A week ago the present author commented on recent indisputable changes in Viet Nam’s political culture, concluding without presumptions about the future that Viet Nam’s politics had entered a new stage. And today I maintain my position that Viet Nam is in a new position and that Vietnamese are finding their political voice.
Alas, there are signs now that the proverbial shoe may have dropped as within a fortnight of the close of the Central Committee’s 7th Plenum we have seen a string of developments that suggest an effort to ‘clamp down’ may now be underway in earnest.
The most recent news, which comes just over the weekend, is that there will be no news that is unregulated news until the BBC, CNN and other foreign media outlets come into compliance with new licensing requirements stipulated under Decree 20. The state-run cable service providers have pulled the plug on these news outlets.
This comes just days after two young people were issued lengthy prison terms for displaying the flag used by various ‘old regimes’ (under a banner of confronting Beijing’s conduct in the Southeast Asian Sea (‘South China Sea’) and a day after Ho Chi Minh’s birthday, in which youngsters across Viet Nam paraded with boiler plate slogans professing their well-instructed love and admiration for Ho’s great contributions.
Still, however, Viet Nam’s ruling party’s conduct appears contradictory to the principles stated in Ho’s Declaration of Independence in which, borrowing from The Rights of Man he stated that “all (people) must always remain free and have equal rights.”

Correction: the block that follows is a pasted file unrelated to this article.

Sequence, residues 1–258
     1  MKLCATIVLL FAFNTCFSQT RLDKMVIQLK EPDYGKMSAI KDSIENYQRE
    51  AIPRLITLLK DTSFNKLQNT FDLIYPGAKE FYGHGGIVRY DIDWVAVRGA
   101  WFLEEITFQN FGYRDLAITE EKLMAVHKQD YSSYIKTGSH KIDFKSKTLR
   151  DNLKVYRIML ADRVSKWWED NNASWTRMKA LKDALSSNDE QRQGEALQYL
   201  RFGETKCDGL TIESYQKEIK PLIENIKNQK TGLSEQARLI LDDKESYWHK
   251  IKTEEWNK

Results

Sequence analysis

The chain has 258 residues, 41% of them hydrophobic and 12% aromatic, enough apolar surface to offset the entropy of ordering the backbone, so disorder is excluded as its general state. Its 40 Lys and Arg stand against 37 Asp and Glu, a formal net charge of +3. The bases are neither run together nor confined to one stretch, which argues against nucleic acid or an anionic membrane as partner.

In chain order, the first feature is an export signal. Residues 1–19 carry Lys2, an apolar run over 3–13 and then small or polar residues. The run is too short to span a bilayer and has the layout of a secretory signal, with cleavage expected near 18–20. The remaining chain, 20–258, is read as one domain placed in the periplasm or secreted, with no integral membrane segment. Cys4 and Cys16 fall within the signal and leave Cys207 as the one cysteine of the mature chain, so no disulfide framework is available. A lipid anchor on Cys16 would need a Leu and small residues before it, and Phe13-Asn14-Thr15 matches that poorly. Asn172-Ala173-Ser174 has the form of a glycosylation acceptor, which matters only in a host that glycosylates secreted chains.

There is speculation in some quarters that switching off the news channels is an effort from concerned regulatory agencies to increase the accessibility of these channels and turn a quick buck for some well-positioned translators by stipulating subtitles in a certain proportion of international broadcasters’ programming. Another possibility, alluded to above, is that this is indeed the beginning of efforts to respond to calls for stricter limits, as voiced during the recent party plenum. A third and more intriguing possibility, which is again speculative, is that pulling the plug on foreign news has mostly to due with belated efforts by the state or specific state officials to mitigate the party leadership’s embarrassment in front of its own citizens and the world in the wake of the harsh prison sentences it meted out to two young people. One can imagine a high-ranking official spitting out his tea upon viewing international coverage of the sentences, followed by a short and raucous late-hours phone call. ‘Pull the plug!”
The sentences are no-doubt supported by old guard elements and conservatives in command of suppression and also, it must be admitted, by a significant share of the population who associate the old flag with wartime violence and civil strife. But the sentences are harsh and do no favors for the state’s image at home or abroad.
These are interesting times for Viet Nam. The political culture has evolved and their is significant disagreement within the Party about how to manage the present situation. Fractious politics within the party is, of course, nothing new. And intra-party pluralism, if it develops further, may indeed facilitate democratic development, whatever its precise form. Certainly, the vast majority of people in Viet Nam are hoping for such an outcome.
It was 40 degrees Celsius in Ha Noi today. But a cold wind was blowing. Whether this was the ominous sign of an approaching front or chilling gasps from the past we shall see.